So it seems that with verbs in Welsh you don’t need the ‘to’ that English sticks on to an infinitive, e.g. ‘to wait’ is ‘aros’. And ‘it’s important to wait’ is ‘mae’n bwysig aros’. But ‘I’m happy to wait’ is ‘dw i’n hapus i aros’. How do I know when to put the ‘i’ in?
You’re not the first to be confused by this, nor will you be the last. Here’s a link to an older thread where this was discussed, maybe this will clear things up a bit:
Thanks! I’m possibly more baffled. But at least I know I can stop looking for a simple rule!
One “rule” that often applies is if you’re making a general statement, not talking about anyone in particular, then it doesn’t usually need the “i” e.g.
in your example mae’n bwysig aros - it’s just making a general statement, not mentioning a person, where dw i’n hapus i aros - you’re talking about yourself, not just in general.
This trips everyone up sooner or later! I don’t have much to add to the advice others have given, other than to say you’ll gradually get a feel for whether to use ‘i’ or not. These days I tend to use ‘i’ just when it feels like it should be there, and I’m right probably about 80% of the time.
Also (and I feel like I say this every time I post in the forums, but it bears repeating!) being understood is the goal with SSIW, rather than being strictly grammatically correct. That’s why they teach a lot of colloquial and somewhat slangy turns of phrase. People will still understand what you mean if you flub it a bit, so try not to fret too much.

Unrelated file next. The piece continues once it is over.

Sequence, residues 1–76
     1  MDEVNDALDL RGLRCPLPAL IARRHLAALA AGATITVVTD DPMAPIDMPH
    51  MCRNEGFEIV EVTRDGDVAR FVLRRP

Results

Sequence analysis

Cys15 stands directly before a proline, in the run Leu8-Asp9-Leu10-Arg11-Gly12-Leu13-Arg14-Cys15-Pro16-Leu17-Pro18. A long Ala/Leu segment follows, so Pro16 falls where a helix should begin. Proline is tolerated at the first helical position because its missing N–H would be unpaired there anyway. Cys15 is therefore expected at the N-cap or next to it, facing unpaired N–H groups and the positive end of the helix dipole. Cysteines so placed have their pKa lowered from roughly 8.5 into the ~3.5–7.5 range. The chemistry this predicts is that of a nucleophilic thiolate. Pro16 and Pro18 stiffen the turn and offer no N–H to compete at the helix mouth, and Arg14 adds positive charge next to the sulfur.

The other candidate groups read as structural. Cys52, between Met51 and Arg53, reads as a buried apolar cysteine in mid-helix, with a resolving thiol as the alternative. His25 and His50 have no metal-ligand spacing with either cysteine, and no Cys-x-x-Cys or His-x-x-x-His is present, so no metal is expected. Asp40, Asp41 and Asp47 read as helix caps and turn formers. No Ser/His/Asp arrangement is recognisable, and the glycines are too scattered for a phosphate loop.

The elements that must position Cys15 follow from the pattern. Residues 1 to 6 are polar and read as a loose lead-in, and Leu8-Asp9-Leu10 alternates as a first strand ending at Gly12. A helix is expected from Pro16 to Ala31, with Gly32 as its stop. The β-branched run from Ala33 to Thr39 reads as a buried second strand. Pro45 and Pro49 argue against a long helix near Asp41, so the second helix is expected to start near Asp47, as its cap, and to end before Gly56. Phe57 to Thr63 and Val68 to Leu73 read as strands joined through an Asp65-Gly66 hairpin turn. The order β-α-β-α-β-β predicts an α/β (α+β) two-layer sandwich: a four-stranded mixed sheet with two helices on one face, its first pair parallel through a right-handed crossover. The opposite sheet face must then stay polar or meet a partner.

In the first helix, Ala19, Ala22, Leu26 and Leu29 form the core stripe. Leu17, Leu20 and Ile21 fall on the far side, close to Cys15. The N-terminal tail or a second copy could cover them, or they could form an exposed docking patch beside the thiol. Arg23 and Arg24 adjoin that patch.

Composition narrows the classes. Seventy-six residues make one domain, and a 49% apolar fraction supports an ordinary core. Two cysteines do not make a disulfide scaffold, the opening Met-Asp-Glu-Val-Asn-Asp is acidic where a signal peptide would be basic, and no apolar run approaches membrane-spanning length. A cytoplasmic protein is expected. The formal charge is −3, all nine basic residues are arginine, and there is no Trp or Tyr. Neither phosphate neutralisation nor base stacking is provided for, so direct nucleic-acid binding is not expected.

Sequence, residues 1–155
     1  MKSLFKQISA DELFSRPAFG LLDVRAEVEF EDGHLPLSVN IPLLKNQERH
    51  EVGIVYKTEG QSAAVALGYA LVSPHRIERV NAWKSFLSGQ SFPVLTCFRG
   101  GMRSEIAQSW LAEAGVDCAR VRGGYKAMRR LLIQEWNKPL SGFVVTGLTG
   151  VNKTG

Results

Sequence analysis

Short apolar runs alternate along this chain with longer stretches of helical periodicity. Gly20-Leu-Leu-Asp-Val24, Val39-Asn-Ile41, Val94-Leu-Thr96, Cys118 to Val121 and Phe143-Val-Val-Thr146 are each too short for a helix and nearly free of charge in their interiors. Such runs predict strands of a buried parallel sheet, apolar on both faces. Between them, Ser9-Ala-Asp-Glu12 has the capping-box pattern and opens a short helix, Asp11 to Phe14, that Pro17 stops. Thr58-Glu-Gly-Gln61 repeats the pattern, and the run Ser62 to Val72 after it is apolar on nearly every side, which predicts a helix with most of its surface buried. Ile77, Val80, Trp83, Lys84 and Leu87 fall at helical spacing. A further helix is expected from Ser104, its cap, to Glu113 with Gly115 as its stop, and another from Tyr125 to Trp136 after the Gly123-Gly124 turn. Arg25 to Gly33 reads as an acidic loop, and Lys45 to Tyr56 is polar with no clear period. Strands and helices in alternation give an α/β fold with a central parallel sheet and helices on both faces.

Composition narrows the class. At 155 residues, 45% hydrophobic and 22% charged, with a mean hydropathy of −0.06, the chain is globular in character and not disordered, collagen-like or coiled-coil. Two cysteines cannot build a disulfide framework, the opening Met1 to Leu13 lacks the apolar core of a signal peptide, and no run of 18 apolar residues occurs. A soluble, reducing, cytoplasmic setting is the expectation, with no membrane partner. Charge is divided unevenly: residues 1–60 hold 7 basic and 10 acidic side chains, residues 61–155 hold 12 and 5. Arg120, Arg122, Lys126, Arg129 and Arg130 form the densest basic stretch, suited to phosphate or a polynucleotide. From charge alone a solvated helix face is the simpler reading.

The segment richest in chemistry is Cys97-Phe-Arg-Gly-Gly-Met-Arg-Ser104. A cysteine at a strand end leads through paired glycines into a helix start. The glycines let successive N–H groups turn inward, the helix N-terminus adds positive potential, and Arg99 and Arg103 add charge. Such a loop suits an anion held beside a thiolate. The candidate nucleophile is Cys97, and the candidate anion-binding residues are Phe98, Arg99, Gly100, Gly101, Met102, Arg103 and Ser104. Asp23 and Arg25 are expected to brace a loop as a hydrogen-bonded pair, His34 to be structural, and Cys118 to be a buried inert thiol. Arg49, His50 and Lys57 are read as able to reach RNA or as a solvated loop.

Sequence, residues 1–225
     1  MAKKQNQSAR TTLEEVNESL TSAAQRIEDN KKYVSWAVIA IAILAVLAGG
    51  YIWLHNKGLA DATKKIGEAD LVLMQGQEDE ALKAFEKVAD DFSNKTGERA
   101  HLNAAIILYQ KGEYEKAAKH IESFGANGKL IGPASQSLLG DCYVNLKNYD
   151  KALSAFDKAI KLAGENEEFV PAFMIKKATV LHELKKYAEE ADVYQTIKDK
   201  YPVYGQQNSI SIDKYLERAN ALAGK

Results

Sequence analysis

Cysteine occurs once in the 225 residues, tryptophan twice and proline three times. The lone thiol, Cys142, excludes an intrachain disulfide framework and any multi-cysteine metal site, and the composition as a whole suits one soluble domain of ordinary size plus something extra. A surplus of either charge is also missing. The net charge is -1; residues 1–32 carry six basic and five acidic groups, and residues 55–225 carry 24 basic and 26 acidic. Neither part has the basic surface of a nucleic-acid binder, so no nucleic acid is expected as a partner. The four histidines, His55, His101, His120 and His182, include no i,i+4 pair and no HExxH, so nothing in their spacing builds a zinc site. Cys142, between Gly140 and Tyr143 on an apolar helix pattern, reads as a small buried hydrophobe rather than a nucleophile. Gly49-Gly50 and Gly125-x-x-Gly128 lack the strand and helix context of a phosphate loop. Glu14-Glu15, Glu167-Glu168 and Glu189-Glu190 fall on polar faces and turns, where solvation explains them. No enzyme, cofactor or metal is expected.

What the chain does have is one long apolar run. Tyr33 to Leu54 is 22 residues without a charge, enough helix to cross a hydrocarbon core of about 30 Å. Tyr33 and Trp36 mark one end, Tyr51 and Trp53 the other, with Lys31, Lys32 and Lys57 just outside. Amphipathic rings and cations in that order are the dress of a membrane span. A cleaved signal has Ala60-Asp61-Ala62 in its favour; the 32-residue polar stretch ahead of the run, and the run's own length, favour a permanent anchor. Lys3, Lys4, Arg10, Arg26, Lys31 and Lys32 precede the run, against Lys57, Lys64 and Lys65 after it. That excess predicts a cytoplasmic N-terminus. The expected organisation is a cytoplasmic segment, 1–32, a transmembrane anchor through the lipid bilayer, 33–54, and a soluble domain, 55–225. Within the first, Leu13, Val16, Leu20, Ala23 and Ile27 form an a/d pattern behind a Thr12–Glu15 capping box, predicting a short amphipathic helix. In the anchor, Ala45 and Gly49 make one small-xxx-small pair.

Absolutely the best way!
In my own learning, I never paid much attention to this, and it just trotted off and figured itself out in the background somewhere…
The best rule of thumb I’ve found in teaching is not to think of it as being connected to the infinitive in any way, but seeing it as connected to the previous word - so as Kevin said on the link Hendrik shared, how is sut, how to is sut i - and there are words which like to have that ‘i’ after them…
y cyntaf i
but ‘liking’ to have the i isn’t always the same as insisting on it… So it’s a good one not to worry too much about, because you will ALWAYS be understood